Thursday, December 11, 2014

Book Review: LOVE ENOUGH by Dionne Brand

There is something extremely comforting about picking up a book that you can connect to by default because of a shared living experience...yet still feel as though you are learning more about yourself (and your city), and the characters as a result of the literary closeness. That is what piqued my interest about this novel.

Dionne Brand's novel Love Enough is based in Toronto--a city I was born and raised in--and it tells the stories of a few intertwining characters and their individual experiences with love and life, all to the same familiar backdrop. Toronto itself is a character in this story; for any Torontonian just the mention of speeding down the Don Valley Parkway, or gazing down Dupont street brings such recognition and an immediate understanding of at least the physical journey.

The emotional journeys are complex, and rightfully so, as each character's story unfolds. It is an authentic urban Toronto tale, highlighting the city, yet highlighting the very distinct lives of the main characters. The middle-aged June, a social worker who reflects on her lovers of the past, while reconciling her differences and connection with her current partner. There's Bedri and Ghost, the young thugs who are trying to make sense of their criminal actions while frantically navigating the streets of the city. There's the young woman Lia, battling emotions about her drug addicted mother, while daydreaming about her carefree associates out exploring the world. The characters all have a connection, yet all are grappling with issues of love on various levels, and making sense of themselves in the process.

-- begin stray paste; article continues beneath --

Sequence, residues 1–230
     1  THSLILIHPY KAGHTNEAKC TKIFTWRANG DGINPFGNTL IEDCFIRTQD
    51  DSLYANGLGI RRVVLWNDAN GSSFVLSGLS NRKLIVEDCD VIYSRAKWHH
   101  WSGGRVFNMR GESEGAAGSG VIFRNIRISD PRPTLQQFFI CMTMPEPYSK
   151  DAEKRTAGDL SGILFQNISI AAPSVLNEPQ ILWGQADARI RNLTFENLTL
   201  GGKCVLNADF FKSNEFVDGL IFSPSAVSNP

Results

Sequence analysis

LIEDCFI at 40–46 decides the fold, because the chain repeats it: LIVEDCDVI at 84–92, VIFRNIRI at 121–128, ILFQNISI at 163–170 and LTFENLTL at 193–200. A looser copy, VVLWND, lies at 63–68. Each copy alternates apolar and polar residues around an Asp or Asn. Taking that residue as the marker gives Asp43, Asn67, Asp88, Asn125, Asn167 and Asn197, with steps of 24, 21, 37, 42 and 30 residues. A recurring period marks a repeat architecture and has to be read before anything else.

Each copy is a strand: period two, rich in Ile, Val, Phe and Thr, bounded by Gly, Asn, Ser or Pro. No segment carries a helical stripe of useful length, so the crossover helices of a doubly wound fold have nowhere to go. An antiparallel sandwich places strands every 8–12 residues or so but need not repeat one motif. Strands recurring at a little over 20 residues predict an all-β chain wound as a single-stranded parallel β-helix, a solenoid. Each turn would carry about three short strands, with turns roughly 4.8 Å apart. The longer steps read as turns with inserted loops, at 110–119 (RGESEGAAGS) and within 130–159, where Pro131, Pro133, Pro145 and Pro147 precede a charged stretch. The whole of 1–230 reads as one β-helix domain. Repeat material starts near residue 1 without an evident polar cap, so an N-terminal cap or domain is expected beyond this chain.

Brand's writing style is very beautiful. Needless to say, as a former Poet Laureate of Toronto (from 2009-2012), her novel is also extremely poetic. The sadness, the anger, and the joys are described with careful precision, and poignant phrasing.

And while Toronto itself is described within the journeys of the characters, the book is fragmented as it moves between the various individuals with each chapter, and tells pieces of the story, bit by bit, jumping between locations, feelings, and story lines.

June and her lover Sydney share their space, yet have distinctly different ways of viewing the world. June is a practical woman, skeptical and realistic, while Sydney is a dreamer, a believer, and a lover. And very early in the book, Brand summarizes that despite their constant arguing and is enough to keep them together. "Perhaps..."

This theme resonates throughout the entire story...that "perhaps" love is enough.

What I love about this book is the way the elements of multicultural Toronto touch all of the figures that appear, regardless of their race. Tamil, Somali, Caribbean, Latin, or European...they range in ethnicity, yet still have a grittiness of the city that influences their daily experiences.